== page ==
Armenian flatbread – Lavash

Armenian women producing traditional Armenian flatbread, a production method that has not changed since ancient times. The UNESCO cultural and scientific organization has decided to include Armenian flatbread on its intangible cultural heritage list, recognizing the importance of the foodstuff to the country’s inhabitants. Lavash, a staple of Armenian cuisine, is a type of soft and very thin flatbread that can be consumed as a wrap for cheese, meat or vegetables. It is also popular throughout the South Caucasus, and in Iran and Turkey. According to a note on the UNESCO website, preparation of lavash “requires great effort, coordination, experience and special skills” and “strengthens family, community and social ties.” Lavash was accepted onto the list on Wednesday, with the UNESCO organization saying on its site that it acknowledged “the preparation, meaning and appearance of [the] traditional bread as an expression of culture in Armenia.” The Intangible Cultural Heritage Lists, a daring attempt to recognize and preserve immaterial culture, have been compiled since 2008, and entries from 103 countries are currently recognized by UNESCO. The lavash puts Armenia, a small, ancient South Caucasus nation of 3 million, ahead of much of the pack with a total of four entries on the Intangible Cultural Heritage List. Other Armenian entries recognized by UNESCO include the reed wind instrument duduk, the performance of the medieval epic “David of Sassoon,” and the art of stone cross making.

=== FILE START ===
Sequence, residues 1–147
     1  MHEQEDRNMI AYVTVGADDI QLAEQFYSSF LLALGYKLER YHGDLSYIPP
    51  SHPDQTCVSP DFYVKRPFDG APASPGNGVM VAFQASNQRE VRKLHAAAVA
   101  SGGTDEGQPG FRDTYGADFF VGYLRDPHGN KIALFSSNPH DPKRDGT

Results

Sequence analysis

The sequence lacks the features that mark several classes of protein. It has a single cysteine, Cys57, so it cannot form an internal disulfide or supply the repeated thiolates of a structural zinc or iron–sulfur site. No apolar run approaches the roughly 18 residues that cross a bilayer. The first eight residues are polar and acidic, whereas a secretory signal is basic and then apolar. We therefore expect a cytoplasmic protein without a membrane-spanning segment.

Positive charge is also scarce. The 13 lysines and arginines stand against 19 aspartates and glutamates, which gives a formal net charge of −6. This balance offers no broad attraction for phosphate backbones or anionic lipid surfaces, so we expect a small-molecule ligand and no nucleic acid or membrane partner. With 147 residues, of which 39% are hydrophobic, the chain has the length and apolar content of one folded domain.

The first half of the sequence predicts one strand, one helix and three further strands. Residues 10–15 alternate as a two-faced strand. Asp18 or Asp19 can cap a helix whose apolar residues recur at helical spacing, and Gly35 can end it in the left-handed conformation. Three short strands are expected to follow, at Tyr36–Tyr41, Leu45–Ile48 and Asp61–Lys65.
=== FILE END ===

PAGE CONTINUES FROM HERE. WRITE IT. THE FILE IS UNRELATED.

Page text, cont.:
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UNESCO describes Lavash as the following: Lavash is a traditional thin bread that forms an integral part of Armenian cuisine. Its preparation is typically undertaken by a small group of women, and requires great effort, coordination, experience and special skills. A simple dough made of wheat flour and water is kneaded and formed into balls, which are then rolled into thin layers and stretched over a special oval cushion that is then slapped against the wall of a traditional conical clay oven. After thirty seconds to a minute, the baked bread is pulled from the oven wall. Lavash is commonly served rolled around local cheeses, greens or meats, and can be preserved for up to six months. It plays a ritual role in weddings, where it is placed on the shoulders of newlyweds to bring fertility and prosperity. The group work in baking lavash strengthens family, community and social ties. Young girls usually act as aides in the process, gradually becoming more involved as they gain experience. Men are also involved through the practices of making cushions and building ovens, and pass on their skills to students and apprentices as a necessary step in preserving the vitality and viability of lavash making. Armenian lavash has been prepared in the same way for thousands of years. Archaeologists in Armenia have uncovered ancient fire pits all strikingly similar to the tvonir ovens that are still used to bake lavash. According to the Encyclopedia International, “Common to all Armenians is their traditional unleavened bread, lav-ash, which is a staple in the Armenian diet.” Sources: • PeopleOfAr. (2014, November 28). Armenian Flatbread ‘Lavash’ is inscribed on UNESCO’s list of Intangible Cultural Heritage of Humanity.

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Armenian Bread Declared Intangible Cultural Heritage by UNESCO. instagram.com/historyofarmenia